Wednesday, September 6, 2017

Self-Examination and Childhood Quirks

With Celtic Cross at Oakland Cemetery, Atlanta.
Photo by Wade Jones

This weekend I am looking forward to seeing those of you coming to Kirkridge for its Celebration of LGBTQ Lives over the past 40 years. One or two places are available, but call rather than register on the site:

My recent post critiquing white supremacy prompted a reader to provide a link to his Facebook post about his own white privilege. It was a remarkable self-examination, profoundly confessional, that would inspire all white people to consider our unearned advantages in this world. I believe his thoroughgoing analysis can lead to positive action.

But I have known others stymied by over-analyzing themselves, and I have tried to avoid this myself.

I had a friend in a congregation I served who had trouble committing himself to any church event, program, or mission. He would always say, “I’m re-examining my priorities.” He would miss or leave early or show up late for a meeting or day-long workshop or weekend retreat because he could never fully commit himself. Even when he enjoyed a long-term relationship, he and his partner had date nights for outside encounters.

When I was a child I had what my family kindly referred to as a benign “quirk,” occasionally looking up for no apparent reason. It was only toward the end of my mother’s life that I explained why. Every time I had a sinful or uncharitable thought, I would look up to God, asking forgiveness.

It is said that Martin Luther was so fastidious accounting for his sins that his confessor grew frustrated and impatient. It was this very obsessive practice that may have led him to his breakthrough about being saved by faith in God’s grace alone.

I had to give up my childhood quirk for similar reasons. Not only was it burdensome, but one I had to practice surreptitiously in public, even though I attended a Christian school, lest I be written off as just too weird! I had to trust God’s grace.

According to Thomas Merton, though examinations of conscience were practiced by Stoics and Pythagoreans, and played a role in Rabbinical and Muslim spirituality, it did not appear to play a role in early Christianity.  After the twelfth century it began to play a much larger role.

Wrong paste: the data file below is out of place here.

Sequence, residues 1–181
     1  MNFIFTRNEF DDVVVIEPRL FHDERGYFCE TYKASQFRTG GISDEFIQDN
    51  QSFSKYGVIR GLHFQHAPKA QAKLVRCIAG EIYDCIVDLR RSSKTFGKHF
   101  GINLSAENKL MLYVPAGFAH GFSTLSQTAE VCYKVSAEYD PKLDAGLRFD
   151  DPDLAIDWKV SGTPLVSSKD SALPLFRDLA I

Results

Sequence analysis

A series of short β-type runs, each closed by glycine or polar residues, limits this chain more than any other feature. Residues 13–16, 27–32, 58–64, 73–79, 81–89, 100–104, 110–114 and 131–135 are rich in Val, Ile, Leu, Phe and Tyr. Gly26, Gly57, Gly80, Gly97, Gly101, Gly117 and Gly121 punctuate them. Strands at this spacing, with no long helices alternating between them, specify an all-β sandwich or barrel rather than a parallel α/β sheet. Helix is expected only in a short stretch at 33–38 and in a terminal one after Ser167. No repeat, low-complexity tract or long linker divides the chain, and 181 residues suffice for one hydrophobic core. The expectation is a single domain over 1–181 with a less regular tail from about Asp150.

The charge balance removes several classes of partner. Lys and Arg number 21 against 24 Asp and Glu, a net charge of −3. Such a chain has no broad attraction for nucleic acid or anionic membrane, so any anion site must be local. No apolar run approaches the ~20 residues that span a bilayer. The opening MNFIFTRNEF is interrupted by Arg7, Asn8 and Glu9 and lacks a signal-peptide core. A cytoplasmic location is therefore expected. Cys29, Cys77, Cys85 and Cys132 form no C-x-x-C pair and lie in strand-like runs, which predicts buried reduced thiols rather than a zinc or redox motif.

In between, after the Roman Emperor Constantine’s embrace of the faith in the fourth century, self-examination seemed needful as church and world colluded and collided.

Merton writes in Mystics and Zen Masters: 
St. Ambrose, St. Augustine, and St. Gregory recommend a daily examination of conscience. Yet St. Gregory attributes more importance to habitual self-custody, living in the presence of God, and a general spirit of prayer, than to psychological self-analysis at fixed times (p 160-1; italics Merton’s). 
He claims that the monastic tradition emphasized “discernment of spirits” to reign in “passionate thoughts from which faults may arise,” rather than “examination of dubious psychological motives” after a fault has been committed.

What I substituted for my quirk of “looking up” was beginning my day in prayer and not concluding my prayer with “Amen,” so I was in God’s presence all day. I had no idea that I was practicing St. Gregory’s “habitual self-custody, living in the presence of God, and a general spirit of prayer.”

I can guess what you, the reader, are making of all this: “What a spiritually precocious child!” Or, “What an obsessively religious child.”

But, rather than precocious or obsessive, spiritual or religious, I think I—as a fearful, introverted, sensitive, and queer child—was simply looking for the safety of God’s presence.

The truth is, I always know God is present, even when or especially when that challenges my thinking or behavior, actions or attitudes. In my better times, I also “feel” God’s presence.

Thus I find Celtic spirituality to my liking in its emphasis on “thin places” on earth where heaven and the sacred can be revealed and witnessed, and I am grateful for body- and earth-centered spiritualities that resist separating spirituality from bodily and earthly experience, and I appreciate the mythological import of the stories of Creation and Incarnation and Resurrection which all recognize the holiness of our bodies and our earth, and I am thankful for liberation theologies which challenge me to seek justice for every body and all creation.

I confess my sins have all come from my failures to recognize God in all, including myself.

With colleague Debra Weir, I will be co-leading a contemplative retreat open to all April 30-May 4, 2018, at Sacred Heart Monastery in Cullman, Alabama, entitled “Beside Still Waters.” Sacred Heart is a welcoming community and a beautiful place. Please come!

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Copyright © 2017 by Chris R. Glaser. Permission granted for non-profit use with attribution of author and blogsite. Other rights reserved.  


  1. Wonderful reflection, Chris. Tentatively, I'm thinking about trying to make it for your May 2018 retreat in Cullman. I'll be praying about it.

    1. Thanks, Trudie! I hope you will come. It's a good site and community, and our texts will be Merton's Contemplative Prayer and Laura Swan's The Forgotten Desert Mothers. Good to hear from you!

  2. I do indentify with you on all of that. Thanks for maintaining this blog and FB site for sharing what for me is vital truth and i sort of suspect it is for all.

    1. Thanks for your encouraging words, Chuck!